Are you experiencing difficulties with your sleep? Do you find yourself waking up in the middle of the night and struggling to return to sleep? Perhaps you’re having trouble falling asleep initially, or you find it challenging to wake up in the morning?

Before diving into a plethora of techniques, gadgets, apps or medications to address your sleep issues, consider taking a step back to track your personal sleep cycle over the course of a week or two.

I’ve had the privilege of working with several students who faced regular or occasional sleep challenges, and what we discovered was a common thread: they weren’t fully aware of their sleep patterns. So, we embarked on a journey to better understand and visualize their individual sleep cycles.

One particularly creative student, an artist, offered invaluable insights. Together, we devised a simple yet effective method using a familiar symbol: the clock face. We realized that most of us are so accustomed to reading the time, even in a groggy state, that it could serve as an intuitive tool for tracking sleep.

We implemented an inner dial to represent actual sleep time (approximately) and an outer portion to indicate periods of wakefulness. The artistic student found that adding colors to represent different phases of sleep greatly enhanced her understanding and engagement with the process.

For example, on one night, she went to bed at 11 pm (indicated by a down-arrow) but didn’t fall asleep until midnight (depicted in green). She then slept until 2 am, when she briefly woke up (perhaps to use the bathroom) before returning to bed. After lying awake until 3 am, she finally drifted off to sleep again until 7 am, when she got up for the day.

Despite feeling like she hadn’t slept well that night and had spent “hours” awake in bed, she discovered through the visual representation that she had actually enjoyed a solid block of sleep from 3 to 7 am.

This newfound awareness allowed her to recognize a consistent pattern of waking up around 2 am each night. Armed with this knowledge, she was able to approach her sleep routine with greater understanding and flexibility. She began planning meaningful yet relaxing activities for those early morning hours, such as knitting, and utilized the period before falling asleep to engage in calming practices like listening to self-help recordings, spiritual content, or gentle Feldenkrais lessons.

Within just a month, she experienced a remarkable transformation, embracing a newfound sense of vitality and purpose in her daily life.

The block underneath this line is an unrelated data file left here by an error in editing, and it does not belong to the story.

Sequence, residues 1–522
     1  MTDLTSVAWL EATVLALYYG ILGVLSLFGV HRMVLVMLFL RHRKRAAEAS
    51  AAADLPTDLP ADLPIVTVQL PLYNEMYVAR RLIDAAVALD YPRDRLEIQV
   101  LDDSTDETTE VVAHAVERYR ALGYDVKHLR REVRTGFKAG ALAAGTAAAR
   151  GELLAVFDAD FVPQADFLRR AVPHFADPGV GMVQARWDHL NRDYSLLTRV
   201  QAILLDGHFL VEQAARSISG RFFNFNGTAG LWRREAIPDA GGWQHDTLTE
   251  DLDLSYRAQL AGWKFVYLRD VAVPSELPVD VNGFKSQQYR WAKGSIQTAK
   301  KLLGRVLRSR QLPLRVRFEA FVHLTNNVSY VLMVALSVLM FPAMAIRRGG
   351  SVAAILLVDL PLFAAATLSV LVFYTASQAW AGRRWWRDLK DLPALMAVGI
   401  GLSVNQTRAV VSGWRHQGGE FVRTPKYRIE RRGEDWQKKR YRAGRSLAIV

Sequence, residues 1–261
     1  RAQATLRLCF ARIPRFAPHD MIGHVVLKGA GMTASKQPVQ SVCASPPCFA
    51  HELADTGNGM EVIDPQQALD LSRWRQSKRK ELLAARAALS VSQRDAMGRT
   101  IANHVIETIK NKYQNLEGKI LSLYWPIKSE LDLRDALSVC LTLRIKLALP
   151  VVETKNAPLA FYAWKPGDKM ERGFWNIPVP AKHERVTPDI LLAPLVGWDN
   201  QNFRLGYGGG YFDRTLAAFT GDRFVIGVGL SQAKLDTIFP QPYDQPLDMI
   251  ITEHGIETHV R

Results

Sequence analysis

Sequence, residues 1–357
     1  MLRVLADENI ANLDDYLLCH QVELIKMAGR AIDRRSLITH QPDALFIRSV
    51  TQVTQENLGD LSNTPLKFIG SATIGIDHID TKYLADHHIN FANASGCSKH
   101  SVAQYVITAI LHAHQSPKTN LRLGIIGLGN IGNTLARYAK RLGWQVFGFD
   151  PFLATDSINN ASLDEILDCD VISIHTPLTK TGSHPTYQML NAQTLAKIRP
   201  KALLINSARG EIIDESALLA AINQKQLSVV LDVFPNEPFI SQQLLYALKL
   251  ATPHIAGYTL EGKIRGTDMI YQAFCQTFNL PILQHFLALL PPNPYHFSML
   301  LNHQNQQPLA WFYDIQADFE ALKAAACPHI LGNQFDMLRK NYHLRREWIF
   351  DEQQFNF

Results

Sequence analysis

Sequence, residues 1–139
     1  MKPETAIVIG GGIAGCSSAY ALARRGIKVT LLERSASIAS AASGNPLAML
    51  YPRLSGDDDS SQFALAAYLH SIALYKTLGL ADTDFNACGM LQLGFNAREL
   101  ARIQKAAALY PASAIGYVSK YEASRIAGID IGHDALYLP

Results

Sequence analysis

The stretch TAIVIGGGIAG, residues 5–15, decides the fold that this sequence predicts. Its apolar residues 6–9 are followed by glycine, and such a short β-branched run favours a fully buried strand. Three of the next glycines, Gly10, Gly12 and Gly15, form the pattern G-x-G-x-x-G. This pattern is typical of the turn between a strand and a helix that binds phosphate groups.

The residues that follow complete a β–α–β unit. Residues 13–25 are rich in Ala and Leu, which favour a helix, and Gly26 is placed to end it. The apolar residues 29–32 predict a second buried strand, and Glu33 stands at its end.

Click to download your copy of sleeptracker.

There are many kinds of sleep disruptions, some of which are helped through applying principles of the Feldenkrais Method. Three that are particularly interesting to me are anxiety (that is, feeling like there are squirrels running about in your head); secondly, those disruptions resulting from (or associated with) the very specific experience of limited breathing; and the third is general tonus issues.

Maybe you wake up with a lot of thoughts or emotions. I’ve been there. When I was a young man, I began waking up in the middle of the night, staying awake for seemingly hours, with many thoughts about things happening in my life. A friend called it her “squirrels running around”. She identified it as a kind of anxiety, and described it as part of my consciousness/brain was concerned that I would miss something important and so I had to wake up. The solution for me was surprisingly simple and had two steps. The first was to have a notebook at the side of the bed upon which to write the concerns. The second was a bit of a surprise: each night, I had to teach myself (verbally and even imagining doing it) that if something important needed done, that I would wake up, write it down, and deal with it in the morning. Thus I learned a new process for effective sleep.

Almost all Feldenkrais Awareness Through Movement® lessons reduce anxiety because we are attending to ourselves directly, and doing so in the moment. Both are important for dealing with anxiety (that is, thoughts that are separate from our sense of ourselves, and relating to the past or future). After 10 to 20 minutes of sustained attention to oneself in the present seems to be sufficient for most people to allow the sensations of sleep to be recognized. But also, it is in this state that you can make powerful intentional statements to yourself.

The artist mentioned about found knitting helpful for she was doing something concrete in the present that, with every stitch, increased her sense of aesthetics, of beauty for the coming days.

Now into my seventh decade, I am also finding that I wake up during the night because my breathing is obstructed. That is, one or both of my nasal passages are blocked and I struggle to breathe. When the nasal passages are blocked, the body will naturally find an alternate air pathway via the mouth. Consequently, there is an associated increase in snoring or other heavy breathing. Apart from disturbing my wife, this also leads to a variety of consequences, not the least of which is a dry or even sore throat. My system is actually trying to expel carbon dioxide, but is blocked in full or partially, and so it wakes me up in order to deal with the problem at a conscious (groggy) level. If this has happened to you, you probably recall the sense of confusion when you have woken up from this. At the same time as my system is adjusting the breathing to be through the mouth, the system may also be trying to find an optimal position for the rest of me… and that also leads to additional discomfort.